Alright, makers. Think you know all there is to know about turning designs into reality with a little filament and a lot of ingenuity? OK, here’s a challenge for you: build your own RepRap 3D Printer so you can make your new creations on the machine you built (how meta is that?).
Fair warning: this is not a project for the fainthearted novice. You’ll need some traditional engineering skill, familiarity with both Computer Assisted Design (CAD) and Computer Assisted Modeling (CAM), an electronics tinkerer’s soldering kit, solid experience already with 3D printing and most likely, a professional electrician’s license (we’re not kidding about that, either).
BUT if you’re up for the challenge, the Instructables blog has laid out the complete instructions for building your RepRap 3D printer, building off the Prusa i3 model.
Even more helpfully, they’ve provided a bit of a support section via the comments section of the blog post, helping makers get through some of the more complicated bits of the process.
But let’s back up a second. What exactly is a RepRap Printer – and why would you want to do this, instead of just buying a consumer 3D printer off the shelf?
History of the RepRap Printer
It all started about 10 years ago, right around the start of the 3D printing revolution, with Dr. Adrian Bowyer, a Senior Lecturer in mechanical engineering at the University of Bath in the United Kingdom (according to Wikipedia). It began with a big idea: make a 3D printer that used 3D-printed parts that it built, essentially creating a machine that could replicate itself (RepRap stands for Replicating Rapid Prototyper).
Over the years, designers have shared their workflow, so that we’re not just talking about replicating machines, but evolving them through trial and error by makers around the world. Along the way, they’ve tinkered with new ways of getting to the end product by utilizing new filament materials, such as silver and carbon-filled polymers.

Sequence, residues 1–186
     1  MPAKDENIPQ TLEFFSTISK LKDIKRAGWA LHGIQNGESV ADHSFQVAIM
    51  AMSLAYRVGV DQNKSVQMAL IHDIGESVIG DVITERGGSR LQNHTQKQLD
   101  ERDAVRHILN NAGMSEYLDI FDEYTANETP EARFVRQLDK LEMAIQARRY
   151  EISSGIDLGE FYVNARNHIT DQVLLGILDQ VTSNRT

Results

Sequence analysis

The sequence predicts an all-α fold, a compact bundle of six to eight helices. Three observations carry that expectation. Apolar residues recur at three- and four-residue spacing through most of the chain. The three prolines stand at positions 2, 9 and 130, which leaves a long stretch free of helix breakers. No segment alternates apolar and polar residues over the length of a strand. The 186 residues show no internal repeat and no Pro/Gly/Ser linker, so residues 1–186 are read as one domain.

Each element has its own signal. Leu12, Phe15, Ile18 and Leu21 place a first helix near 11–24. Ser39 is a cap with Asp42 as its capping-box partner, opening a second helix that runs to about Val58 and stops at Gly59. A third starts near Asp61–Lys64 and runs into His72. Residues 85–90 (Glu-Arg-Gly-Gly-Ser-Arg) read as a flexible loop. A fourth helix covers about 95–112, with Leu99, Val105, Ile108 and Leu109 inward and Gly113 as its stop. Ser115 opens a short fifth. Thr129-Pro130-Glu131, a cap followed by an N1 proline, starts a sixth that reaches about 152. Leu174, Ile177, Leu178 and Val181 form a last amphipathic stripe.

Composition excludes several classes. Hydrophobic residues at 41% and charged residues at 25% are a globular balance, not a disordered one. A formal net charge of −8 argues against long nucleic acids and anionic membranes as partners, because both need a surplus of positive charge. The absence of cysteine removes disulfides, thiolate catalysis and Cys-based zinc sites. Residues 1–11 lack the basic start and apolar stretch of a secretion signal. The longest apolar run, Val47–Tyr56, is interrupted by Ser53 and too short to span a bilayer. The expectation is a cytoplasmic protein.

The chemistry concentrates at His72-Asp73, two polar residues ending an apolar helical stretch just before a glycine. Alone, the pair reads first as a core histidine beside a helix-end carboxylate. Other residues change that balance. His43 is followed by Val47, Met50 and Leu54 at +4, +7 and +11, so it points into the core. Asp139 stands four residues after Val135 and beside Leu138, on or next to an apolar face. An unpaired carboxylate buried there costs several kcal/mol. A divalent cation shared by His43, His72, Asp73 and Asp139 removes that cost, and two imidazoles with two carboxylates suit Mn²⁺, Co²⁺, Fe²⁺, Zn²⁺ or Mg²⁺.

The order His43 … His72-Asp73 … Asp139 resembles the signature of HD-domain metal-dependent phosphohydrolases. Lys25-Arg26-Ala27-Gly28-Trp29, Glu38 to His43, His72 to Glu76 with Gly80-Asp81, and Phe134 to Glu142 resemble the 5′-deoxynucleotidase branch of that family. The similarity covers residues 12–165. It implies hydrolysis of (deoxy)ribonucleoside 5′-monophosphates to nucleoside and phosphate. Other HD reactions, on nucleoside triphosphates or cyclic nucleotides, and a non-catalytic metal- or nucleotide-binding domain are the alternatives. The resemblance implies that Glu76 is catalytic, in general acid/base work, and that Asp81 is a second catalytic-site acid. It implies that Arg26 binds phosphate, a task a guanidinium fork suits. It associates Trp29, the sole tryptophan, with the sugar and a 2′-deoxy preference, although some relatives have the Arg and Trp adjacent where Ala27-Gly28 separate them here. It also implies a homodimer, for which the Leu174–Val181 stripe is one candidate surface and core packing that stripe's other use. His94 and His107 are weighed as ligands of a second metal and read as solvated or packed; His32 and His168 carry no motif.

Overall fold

When the process becomes tried-and-tested enough, we’ll ultimately end up with cheap 3D printers that can be used not just for run-of-the-mill printing of your favourite designs on Pinshape, but potentially also for specialized industrial use.
Of course, ‘cheap’ is a relative term. Assuming you’ve got the skills to pull this off, you’re probably billing minimum $350/hr thanks to an MIT-level education and its related tuition. Your time alone might just outweigh the cost of buying a top-of-the-line 3D printer off the shelf. But hey, you’re a pioneer – and people keep telling you that you need a hobby…
Where to Get the Parts for Your RepRap Kit
For about $580 US, you should be able to get all you need to put this RepRap Printer together.
The Instructables blog post helpfully lists all of the parts you’ll need, from the frame and printed plastic parts to pulleys, belts, idler bearings and more (14 categories in all), along with the toolkit you’ll need. Some of the basic can be obtained from your local hardware store, but for the custom plastic molded parts, you may need to do some digging on eBay, or a 3D printer vendor.
Thanks to Instructables for a fine, one-of-a-kind tutorial. Good luck, makers!
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Until next time, Pinshapers!
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